Defendant appeals his conviction for aggravated assault with a deadly weapon. Held:
1. Defendant contends the state failed to carry its burden of proof as to intent.
The state's evidence showed that the defendant shot the victim in the face with a pistol, not in self-defense. Defendant admitted the shooting but testified that he did so in self-defense because the victim had a weapon, although no weapon was found.
Defendant argues that because self-defense was raised the state's burden was not only to show that he intended to harm the victim, but also intended not to defend himself, and the evidence does not do this. No authority is cited in support of this argument, nor do we know of any. We will treat defendant's contention as an assertion of the general grounds.
On reviewing all of the evidence we find it sufficient to authorize a rational jury to find beyond a reasonable doubt that the defendant did not act in self-defense and that he was guilty of the offense.
2. Defendant also enumerates that he was entitled to a charge to the effect that the presumption of intent from action could be rebutted, citing Sandstrom v. Montana, 442 U. S. 510 (99 SC 2450, 61 LE2d 39).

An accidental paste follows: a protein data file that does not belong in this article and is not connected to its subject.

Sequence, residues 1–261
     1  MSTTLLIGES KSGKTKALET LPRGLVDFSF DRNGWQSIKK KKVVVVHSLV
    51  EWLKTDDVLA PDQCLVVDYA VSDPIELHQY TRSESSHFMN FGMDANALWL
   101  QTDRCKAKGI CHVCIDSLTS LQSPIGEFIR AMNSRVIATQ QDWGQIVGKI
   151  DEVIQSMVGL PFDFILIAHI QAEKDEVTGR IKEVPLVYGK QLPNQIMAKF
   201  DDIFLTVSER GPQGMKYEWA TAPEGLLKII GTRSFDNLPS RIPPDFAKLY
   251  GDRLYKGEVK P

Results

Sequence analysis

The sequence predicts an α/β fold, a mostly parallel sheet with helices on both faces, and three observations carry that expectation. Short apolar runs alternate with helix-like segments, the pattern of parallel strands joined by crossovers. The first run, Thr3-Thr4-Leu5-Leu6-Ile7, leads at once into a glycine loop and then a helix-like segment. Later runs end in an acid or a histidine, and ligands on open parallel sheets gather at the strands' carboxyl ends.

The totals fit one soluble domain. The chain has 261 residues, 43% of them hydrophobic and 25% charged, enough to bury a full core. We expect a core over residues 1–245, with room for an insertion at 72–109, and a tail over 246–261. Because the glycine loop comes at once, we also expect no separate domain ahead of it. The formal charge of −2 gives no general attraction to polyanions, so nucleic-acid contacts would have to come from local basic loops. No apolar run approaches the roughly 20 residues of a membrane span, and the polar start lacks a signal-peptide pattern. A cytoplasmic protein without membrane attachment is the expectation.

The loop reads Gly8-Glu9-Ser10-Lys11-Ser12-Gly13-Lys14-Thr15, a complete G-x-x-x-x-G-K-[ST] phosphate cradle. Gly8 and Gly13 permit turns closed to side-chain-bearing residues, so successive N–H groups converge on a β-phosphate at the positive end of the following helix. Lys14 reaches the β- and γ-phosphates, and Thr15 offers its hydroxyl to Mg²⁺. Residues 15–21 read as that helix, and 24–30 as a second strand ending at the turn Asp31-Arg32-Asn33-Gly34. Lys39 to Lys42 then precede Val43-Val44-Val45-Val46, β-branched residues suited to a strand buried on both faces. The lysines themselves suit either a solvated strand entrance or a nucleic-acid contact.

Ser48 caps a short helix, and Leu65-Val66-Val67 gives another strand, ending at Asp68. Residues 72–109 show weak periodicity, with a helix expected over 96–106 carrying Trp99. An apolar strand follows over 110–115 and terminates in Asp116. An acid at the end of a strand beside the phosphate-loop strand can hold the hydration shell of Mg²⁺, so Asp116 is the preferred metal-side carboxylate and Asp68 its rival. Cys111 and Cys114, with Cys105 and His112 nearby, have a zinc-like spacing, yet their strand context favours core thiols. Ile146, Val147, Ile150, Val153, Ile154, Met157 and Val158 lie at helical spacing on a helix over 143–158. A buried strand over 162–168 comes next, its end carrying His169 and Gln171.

We find no merit in this enumeration.
Defendant did not request such a charge and stated he had no objection to the charge as given, thus waiving the right to raise the issue on appeal. Jackson v. State, 246 Ga. 459
, 460 (271 SE2d 855
Moreover, we have carefully examined the charge of the court as to intent and find that it is stated solely in terms of inferences of intent, not presumptions, and does not fall within the rule of Sandstrom v. Montana, supra. To the contrary, the court charged that a person would not be presumed to act with criminal intent.
"A 'presumption' and an 'inference' are not the same thing, a presumption being a deduction which the law requires a trier of facts to make, and inference being a deduction which the trier may or may not make, according to his own conclusions; a presumption is mandatory, an inference, permissible. [Cits.]" Black's Law Dictionary, Rev. 4th Ed. 917-18.
William J. Smith, District Attorney, Michael D. Reynolds, Assistant District Attorney, for appellee.